Justia Business Law Opinion Summaries

Articles Posted in North Dakota Supreme Court
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Scotty Fain, Sr., Scotty Fain, Jr., and Kris Durham appealed a district court judgment entered following findings that there was no contract between the parties, no transfer of ownership interest in Integrity Environmental, LLC, and no violation of fiduciary duties as alleged in the complaint against Integrity Environmental, LLC, Andrea Vigen, Lewis Vigen, and Kelly Harrelson. They also challenged the court’s findings that a substitute arrangement agreed upon by all parties led to an accord and satisfaction, novation, and waiver of contractual rights. Finding no reversible error in that judgment, the North Dakota Supreme Court affirmed. View "Fain, et al. v. Integrity Environmental, et al." on Justia Law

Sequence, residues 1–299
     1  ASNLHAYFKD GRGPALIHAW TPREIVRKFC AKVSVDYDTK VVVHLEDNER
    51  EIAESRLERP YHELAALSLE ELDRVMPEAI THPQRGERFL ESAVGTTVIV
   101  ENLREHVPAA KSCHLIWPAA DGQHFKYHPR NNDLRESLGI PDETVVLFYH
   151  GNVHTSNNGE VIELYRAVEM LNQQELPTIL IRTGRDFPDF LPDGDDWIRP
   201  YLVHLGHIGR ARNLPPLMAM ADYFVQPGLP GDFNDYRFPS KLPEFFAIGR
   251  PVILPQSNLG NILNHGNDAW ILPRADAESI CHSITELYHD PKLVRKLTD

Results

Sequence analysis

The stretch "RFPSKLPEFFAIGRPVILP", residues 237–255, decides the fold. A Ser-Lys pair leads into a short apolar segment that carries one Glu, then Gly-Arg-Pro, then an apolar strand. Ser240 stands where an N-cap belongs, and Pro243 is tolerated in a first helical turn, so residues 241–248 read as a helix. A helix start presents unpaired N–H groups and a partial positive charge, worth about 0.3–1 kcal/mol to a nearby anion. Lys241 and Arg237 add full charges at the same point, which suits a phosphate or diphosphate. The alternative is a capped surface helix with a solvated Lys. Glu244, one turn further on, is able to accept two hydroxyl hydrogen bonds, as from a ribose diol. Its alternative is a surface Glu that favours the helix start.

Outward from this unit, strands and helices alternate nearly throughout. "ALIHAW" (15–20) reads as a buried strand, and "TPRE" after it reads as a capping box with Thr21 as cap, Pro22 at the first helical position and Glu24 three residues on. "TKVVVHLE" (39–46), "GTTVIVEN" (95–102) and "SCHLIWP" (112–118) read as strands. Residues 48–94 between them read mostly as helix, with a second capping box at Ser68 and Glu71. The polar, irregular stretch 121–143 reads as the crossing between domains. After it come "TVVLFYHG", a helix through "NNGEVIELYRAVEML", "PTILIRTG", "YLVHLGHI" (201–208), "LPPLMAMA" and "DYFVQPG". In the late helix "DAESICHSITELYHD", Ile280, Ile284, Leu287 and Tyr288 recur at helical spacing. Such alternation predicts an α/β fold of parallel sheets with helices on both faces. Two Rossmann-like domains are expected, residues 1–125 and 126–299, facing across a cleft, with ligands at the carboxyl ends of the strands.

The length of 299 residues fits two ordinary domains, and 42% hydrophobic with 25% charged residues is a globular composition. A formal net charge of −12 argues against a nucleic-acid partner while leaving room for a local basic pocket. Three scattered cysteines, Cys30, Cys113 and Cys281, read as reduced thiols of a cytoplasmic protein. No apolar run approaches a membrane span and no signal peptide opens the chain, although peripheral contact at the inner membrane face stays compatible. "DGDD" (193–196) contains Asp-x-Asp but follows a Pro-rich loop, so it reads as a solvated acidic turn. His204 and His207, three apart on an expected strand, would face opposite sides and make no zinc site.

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Blayne Puklich and Elyse Puklich were the children of Stan Puklich, who owned and operated an automobile dealership before his death. The dispute arose from the parties’ ownership of various business interests they either purchased or received from their father. Puklich Chevrolet, Inc. (PCI) owned the automobile dealership. B&E Holdings owned the real estate where the dealership was located. Blayne and Elyse each owned interests in these entities, and Elyse had assumed management responsibilities for both. Blayne appealed, individually and derivatively on behalf of B&E Holdings, LLP, a judgment dismissing his breach of fiduciary duty claim against Elyse and END L.L.L.P. Elyse cross appealed, arguing the district court erred when it denied her motion for N.D.R.Civ.P. 11 sanctions. The court held Blayne’s claim, which alleged Elyse breached fiduciary duties by usurping a real estate opportunity, was res judicata but not frivolous. Finding no reversible error as to either claim, the North Dakota Supreme Court affirmed the trial court. View "Puklich v. Puklich, et al." on Justia Law